Because our 12 acres was in hay, we ended up leasing 6 acres about 5 miles from us to grow our various specialty grains. We've gotten to know a landowner who is very supportive of what we're doing. He has a large field that is already certified organic. So, we leased a few acres to grow our Bronze Barley, Prairie Farro, Sonora Heritage Wheat, Buckwheat, and Winter Pea cover crop (that we plowed down to add organic matter and nitrogen to the soil). Our crops did well, as did our friends' Doug and Anna from Vilicus Farms, who we collaborated with. We were able to clean the grains and legumes, package them, and deliver to our Grain CSA members in December. Next year we will likely lease the same acreage, as well as additional acres just one mile from us. The additional acres is currently in hay and is not certified organic, so we may hire someone to hay it for us while we transition it to organic over 36 months.
We still plan to install a flour mill as well as move our seed cleaning equipment from Courtney's dad's place to ours (and get it set up to be more efficient). Here's to hoping both of those things happen in 2014.
Our turkeys did well this year. We tried (sometimes in vain), to take a more relaxed approach to raising these crazy birds. This past winter, we'd kept back 10 hens and 2 toms in the hope that they would breed and hatch on their own. They certainly tried, but nothing came of it. So in the spring, we ordered 100 poults (baby turkeys) from a hatchery as we've done in years past. Twenty-five were dead upon arrival and since Eli was due any day, we decided to take the refund rather than get 25 more shipped to us, which would have forced us to raise 2 sets of poults separately until we could merge them later in the spring. This worked out fine and we let them wander the homestead rather than stressing ourselves out trying to herd them in a futilely fenced enclosure. The problem was, they rarely were where we wanted them (often times they were on top of our cars or in the yard or on top of buildings). But they grew to a good size and we had a very easy day of butchering. A friend of ours is the director of a unique university program called the Wilderness and Civilization program. They take field trips throughout the year, and she asked us if she could bring her class to help butcher. But of course, we said. So, 19 students showed up on the weekend before Thanksgiving and we processed our 70-odd birds plus a friend's 5 all in one day. I think we've convinced her to bring next year's class out.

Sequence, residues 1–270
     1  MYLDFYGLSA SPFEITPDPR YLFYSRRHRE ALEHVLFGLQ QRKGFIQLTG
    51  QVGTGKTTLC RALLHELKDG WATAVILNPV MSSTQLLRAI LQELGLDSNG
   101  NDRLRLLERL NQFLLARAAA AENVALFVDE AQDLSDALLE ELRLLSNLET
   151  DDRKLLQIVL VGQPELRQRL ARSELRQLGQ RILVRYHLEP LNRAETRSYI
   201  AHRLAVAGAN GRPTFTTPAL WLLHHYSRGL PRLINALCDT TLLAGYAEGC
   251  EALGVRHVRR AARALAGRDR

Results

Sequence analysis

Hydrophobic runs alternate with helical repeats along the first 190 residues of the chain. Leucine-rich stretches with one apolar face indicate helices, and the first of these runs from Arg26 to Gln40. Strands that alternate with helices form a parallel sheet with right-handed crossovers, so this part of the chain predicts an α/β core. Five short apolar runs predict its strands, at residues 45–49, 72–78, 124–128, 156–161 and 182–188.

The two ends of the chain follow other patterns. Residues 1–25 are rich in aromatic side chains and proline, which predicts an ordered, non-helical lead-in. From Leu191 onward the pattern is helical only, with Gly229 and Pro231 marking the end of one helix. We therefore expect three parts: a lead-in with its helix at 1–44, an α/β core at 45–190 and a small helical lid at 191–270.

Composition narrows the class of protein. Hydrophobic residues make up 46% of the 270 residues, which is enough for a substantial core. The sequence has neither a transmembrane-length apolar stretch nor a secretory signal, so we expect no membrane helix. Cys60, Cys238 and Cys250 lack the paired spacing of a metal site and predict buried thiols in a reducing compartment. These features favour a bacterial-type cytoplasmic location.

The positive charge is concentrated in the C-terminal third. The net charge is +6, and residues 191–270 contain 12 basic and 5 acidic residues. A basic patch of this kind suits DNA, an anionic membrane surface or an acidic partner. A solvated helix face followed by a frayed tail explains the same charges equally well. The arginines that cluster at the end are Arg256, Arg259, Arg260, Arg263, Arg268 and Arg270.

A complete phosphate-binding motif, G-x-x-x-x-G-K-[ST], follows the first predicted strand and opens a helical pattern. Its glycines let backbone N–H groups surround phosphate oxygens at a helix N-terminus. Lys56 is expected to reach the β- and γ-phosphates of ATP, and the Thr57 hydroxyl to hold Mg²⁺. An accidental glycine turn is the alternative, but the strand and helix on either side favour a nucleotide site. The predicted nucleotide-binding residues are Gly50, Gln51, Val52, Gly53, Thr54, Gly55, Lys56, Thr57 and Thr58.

Our nascent seed co-op continues to evolve. We will officially become a cooperative this year. The idea is that by working together across many farms, we will be able to better grow and market organic vegetable seed for northern growers. There are a handful of growers on the west side of the Divide, plus us on the east side of the Divide. We've had a couple of training sessions this past year, including a 5-day seed school put on by the non-profit Native Seeds/SEARCH, as well as a one day workshop by the plant breeder John Navazio who works with the Organic Seed Alliance. I think we're all pretty excited about our co-op and the work we've done and plan to do. Seed is such a critical part of our food system and of our existence as human beings. The seed industry continues to consolidate and to hoard valuable genetic resources, while at the same time a counter-movement of developing and preserving open-source and open pollinated seeds builds all over the world. Since the mid 20th century and the rise of agricultural chemical and synthetic fertilizer, plant breeding hasn't focused a whit on developing crops in organic systems. So it's a frontier, in a way, and wide open for opportunity and the imagination.
We continue to grow and evolve as we try to figure out just what sort of farm we want to be and will become. To be honest, if I could decide the kind of farm to be without consideration for our location and our markets, I would want to focus on specialty grains like farro, einkorn, heritage wheat and barley, as well as pseudo-grains like teff, amaranth, and quinoa. In addition, we would grow vegetable seed, improving existing varieties of open-pollinated crops as well as developing new varieties.
One final thing to mention is that this was a year that we could not have gotten through without the consistent support of our family, friends, and those who eat our food. Our family, in particular, continue to be unfailingly supportive and have provided critical help in so many ways. Despite the challenges of starting a business, and a farm business no less, we chose to move back home, and we don't regret it in the least. All we have to do is watch our daughter and son play with their grandparents to be quickly reminded of why we are here.
So, a toast to 2013 as we say farewell, and here's to a prosperous 2014.
at 9:39 PM